Korean grandmother, 83, is 'punched in the head by woman, 27, screaming white power' in downtown LA - but it is NOT being investigated as a hate crime
Officers were called to Korea town in LA on Wednesday after reports the 83-year-old woman had been assaulted
Alexis Duvall, 27, allegedly punched the grandma in the back of her head, knocking her to the ground
Witnesses say they heard her yell 'power is power, white power' and the N-word
But police say they received no reports of Duvall using racist language
Duvall was arrested on suspicion of battery and being held on $50,000 bail
By Hannah Parry For Dailymail.com
Published: 01:51 EST, 3 February 2017 | Updated: 02:54 EST, 3 February 2017
Read more: http://www.dailymail.co.uk/news/article-4187106/Korean-grandma-attacked-woman-shouting-white-power.html#ixzz4XcTelpnI
Naomi Hirahara (born 1962) an American writer and journalist. She edited the largest Japanese-American daily newspaper, The Rafu Shimpo for several years. She is currently a writer of both fiction and non-fiction works and the Edgar Award-winning Mas Arai mystery series.
BiographyNaomi Hirahara was born in 1962 in Pasadena, California to Japanese parents, both of whom were survivors of the Hiroshima bombing. She began writing when she was in elementary school in Altadena, California. She received her bachelor's degree from Stanford University in international relations with a focus on Africa and spent a summer during her studies volunteering with the YWCA in Ghana, West Africa. After her 1983 graduation, she furthered her education at the Inter-University Center for Japanese Language Studies in Tokyo.
After a brief job as an editorial assistant, Hirahara began working at the Rafu Shimpo newspaper in 1984 as writer about the city of Los Angeles. Three years later, she began working at a boutique public relations firm to allow more time for creative writing and taking classes at the UCLA extension. After three years, she was asked to come back as an editor at the Rafu Shimpo and began writing nonfiction books in the 1990s. In 1996, Hirahara quit her job, took a fellowship for creative writing with the Milton Center at Newman University in Wichita, Kansas and committed to working full-time as a creative writer. In 2001, she published a non-fiction work, Green Makers: Japanese American Gardeners in Southern California and later that year published An American Son: The Story of George Aratani, Founder of Mikasa and Kenwood. In 2002, Distinguished Asian American Business Leaders was released.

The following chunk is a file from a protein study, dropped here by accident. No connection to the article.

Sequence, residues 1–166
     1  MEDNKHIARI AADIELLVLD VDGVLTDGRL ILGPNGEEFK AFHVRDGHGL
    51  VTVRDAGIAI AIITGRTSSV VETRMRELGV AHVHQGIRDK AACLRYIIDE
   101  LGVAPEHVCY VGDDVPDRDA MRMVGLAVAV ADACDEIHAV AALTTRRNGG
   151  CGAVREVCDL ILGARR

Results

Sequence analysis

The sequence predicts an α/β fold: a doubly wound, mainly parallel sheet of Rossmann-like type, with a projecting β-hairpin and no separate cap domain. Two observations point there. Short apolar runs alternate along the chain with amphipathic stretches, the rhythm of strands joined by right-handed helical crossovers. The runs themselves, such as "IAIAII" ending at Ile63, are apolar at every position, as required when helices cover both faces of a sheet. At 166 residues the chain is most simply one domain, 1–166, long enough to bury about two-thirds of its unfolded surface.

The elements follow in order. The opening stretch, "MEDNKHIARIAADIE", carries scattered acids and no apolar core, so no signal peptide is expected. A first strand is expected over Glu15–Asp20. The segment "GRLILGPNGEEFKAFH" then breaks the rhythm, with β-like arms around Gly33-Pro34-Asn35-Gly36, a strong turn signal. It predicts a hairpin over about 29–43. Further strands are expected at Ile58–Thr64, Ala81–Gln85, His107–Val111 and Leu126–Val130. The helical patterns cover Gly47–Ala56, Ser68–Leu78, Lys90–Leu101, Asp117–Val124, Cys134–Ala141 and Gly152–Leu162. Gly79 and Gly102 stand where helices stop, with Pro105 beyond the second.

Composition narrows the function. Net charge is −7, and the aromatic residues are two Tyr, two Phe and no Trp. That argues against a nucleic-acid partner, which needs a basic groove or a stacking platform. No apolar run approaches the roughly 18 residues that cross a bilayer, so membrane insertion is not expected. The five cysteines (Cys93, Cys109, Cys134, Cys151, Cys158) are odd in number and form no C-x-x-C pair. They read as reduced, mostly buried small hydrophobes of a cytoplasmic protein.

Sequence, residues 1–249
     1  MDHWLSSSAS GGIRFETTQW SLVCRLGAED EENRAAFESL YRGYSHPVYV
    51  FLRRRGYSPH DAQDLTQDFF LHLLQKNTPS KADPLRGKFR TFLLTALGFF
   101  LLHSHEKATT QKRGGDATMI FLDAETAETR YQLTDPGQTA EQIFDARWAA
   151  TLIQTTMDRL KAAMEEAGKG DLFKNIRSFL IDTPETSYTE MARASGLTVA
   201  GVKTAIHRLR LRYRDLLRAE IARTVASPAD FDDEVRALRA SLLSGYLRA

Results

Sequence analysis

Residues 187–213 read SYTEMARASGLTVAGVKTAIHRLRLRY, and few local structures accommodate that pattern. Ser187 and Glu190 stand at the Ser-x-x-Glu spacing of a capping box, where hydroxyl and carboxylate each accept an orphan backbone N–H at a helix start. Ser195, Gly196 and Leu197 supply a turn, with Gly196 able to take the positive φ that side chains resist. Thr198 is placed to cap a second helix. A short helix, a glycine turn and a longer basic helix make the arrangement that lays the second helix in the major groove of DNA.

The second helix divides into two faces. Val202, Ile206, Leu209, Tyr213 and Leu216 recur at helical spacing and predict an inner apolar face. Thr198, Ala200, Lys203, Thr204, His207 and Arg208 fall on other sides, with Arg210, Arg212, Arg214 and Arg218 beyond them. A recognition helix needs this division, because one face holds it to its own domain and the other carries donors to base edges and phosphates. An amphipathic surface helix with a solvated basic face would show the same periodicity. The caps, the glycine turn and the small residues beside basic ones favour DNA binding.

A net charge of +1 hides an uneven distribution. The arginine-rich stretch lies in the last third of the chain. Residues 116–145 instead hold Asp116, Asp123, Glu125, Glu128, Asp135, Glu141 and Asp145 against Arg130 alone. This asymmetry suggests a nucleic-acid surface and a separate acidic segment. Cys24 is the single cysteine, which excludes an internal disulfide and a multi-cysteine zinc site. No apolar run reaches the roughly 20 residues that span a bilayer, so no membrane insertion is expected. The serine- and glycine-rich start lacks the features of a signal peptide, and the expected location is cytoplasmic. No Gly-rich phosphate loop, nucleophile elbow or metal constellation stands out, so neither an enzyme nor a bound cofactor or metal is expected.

She sold her first fiction book, Summer of the Big Bachi in 2003, which received positive reviews in the Chicago Tribune, and later that same year was named by them as one of the "10 best mysteries and thrillers of 2004". It was also selected by Publishers Weekly as a "Best Books of 2004". The book turned out to be the first of a series about a Japanese-American gardener, Mas Arai, a survivor of the atomic bomb, but the character was American-born. Though he has a degree, prejudice keeps him from other work, and he becomes a gardener, mirroring Hirahara's father's experience. Mas Arai became the featured character in Gasa Gasa Girl, Snakeskin Shamishen, Blood Hina and Strawberry Yellow. In 2007, the third book in her series, Snakeskin Shamishen won the Edgar Award from the Mystery Writers of America. The following year, the series began being released in Japan.
In 2014, Hirahara began a new series, though Mas Arai's story has at least two more chapters. The new series features a young bicycle policewoman, Ellie Rush, who is the central character in Hirahara's seventh novel, Murder on Bamboo Lane. While the Arai series focuses on California centered around the World War II generation, the Rush series is contemporary and expands on Hirahara's desire to speak from a woman's point of view. Her first book in which the main character was a woman was a juvenile fiction work, 1001 Cranes, published in 2008. Her most recent book in the Ellie Rush series, Grave on Grand Avenue (2015) has received positive reviews, and has been featured as a "Best Book" by Publishers Weekly.